Elimination of Sestrin 2 Compromises Viability in Extracellular Matrix-Detached SKOV3 Ovarian Cancer Cells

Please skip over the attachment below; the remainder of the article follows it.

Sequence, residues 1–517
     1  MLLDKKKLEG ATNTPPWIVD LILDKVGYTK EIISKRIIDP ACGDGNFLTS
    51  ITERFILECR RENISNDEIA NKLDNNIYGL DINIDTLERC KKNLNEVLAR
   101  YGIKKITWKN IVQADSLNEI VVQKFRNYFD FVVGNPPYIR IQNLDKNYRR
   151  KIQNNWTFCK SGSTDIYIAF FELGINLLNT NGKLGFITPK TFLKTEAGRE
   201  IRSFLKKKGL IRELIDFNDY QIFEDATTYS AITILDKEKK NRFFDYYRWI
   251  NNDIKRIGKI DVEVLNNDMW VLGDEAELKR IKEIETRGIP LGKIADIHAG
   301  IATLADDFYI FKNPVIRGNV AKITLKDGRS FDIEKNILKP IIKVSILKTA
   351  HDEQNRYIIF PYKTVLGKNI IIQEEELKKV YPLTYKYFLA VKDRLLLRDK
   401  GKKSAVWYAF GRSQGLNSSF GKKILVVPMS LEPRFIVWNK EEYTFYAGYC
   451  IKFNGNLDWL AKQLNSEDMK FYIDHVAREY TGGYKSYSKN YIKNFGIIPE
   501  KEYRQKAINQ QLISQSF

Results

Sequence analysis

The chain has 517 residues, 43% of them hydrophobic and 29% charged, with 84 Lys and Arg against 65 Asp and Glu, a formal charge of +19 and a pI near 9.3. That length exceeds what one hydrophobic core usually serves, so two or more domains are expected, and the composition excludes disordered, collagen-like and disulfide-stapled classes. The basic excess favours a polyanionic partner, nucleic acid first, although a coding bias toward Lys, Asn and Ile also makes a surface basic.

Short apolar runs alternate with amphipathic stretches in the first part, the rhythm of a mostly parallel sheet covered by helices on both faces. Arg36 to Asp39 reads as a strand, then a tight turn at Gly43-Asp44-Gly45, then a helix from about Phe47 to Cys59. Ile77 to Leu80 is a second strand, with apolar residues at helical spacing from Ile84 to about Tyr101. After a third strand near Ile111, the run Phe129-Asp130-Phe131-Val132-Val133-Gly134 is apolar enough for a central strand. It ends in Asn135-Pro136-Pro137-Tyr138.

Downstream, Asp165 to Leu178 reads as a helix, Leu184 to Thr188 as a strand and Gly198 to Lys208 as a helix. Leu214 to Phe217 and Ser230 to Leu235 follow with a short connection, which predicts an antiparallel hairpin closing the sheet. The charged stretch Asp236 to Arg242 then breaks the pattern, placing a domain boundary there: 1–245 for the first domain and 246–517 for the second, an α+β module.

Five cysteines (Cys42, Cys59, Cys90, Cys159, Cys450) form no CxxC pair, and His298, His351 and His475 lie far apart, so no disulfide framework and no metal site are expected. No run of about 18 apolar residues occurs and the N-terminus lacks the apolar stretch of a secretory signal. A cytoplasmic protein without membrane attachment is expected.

Epithelial ovarian carcinoma (EOC) is considered the deadliest gynecological cancer, largely due to the fact that it is often diagnosed once the cancer has already metastasized, thus making the disease more difficult to treat. Throughout metastasis, ovarian epithelial cancer cells must overcome many feats, including surviving in extracellular matrix (ECM) detachment. ECM-detached cancer cells must evade a number of insults, including increased intracellular reactive oxygen species (ROS). Recent evidence suggests ECM-detached cancer cells rely on antioxidant enzymes to combat these increasing levels of ROS to promote survival; however, the specific antioxidant enzymes involved in this process have yet to be fully elucidated. Sestrin 2 (SESN2) is a multi-functional protein that has been found to be instrumental in many different signaling pathways; notably, it has been recognized to play a critical role in eliminating ROS. Here, we show that SESN2 plays a unique role in maintaining the viability of ECM-detached metastatic ovarian epithelial cancer cells, and elimination of this critical protein results in compromised viability. Thus, these data identify SESN2 as a potentially interesting therapeutic target for treating this deadly metastatic disease.
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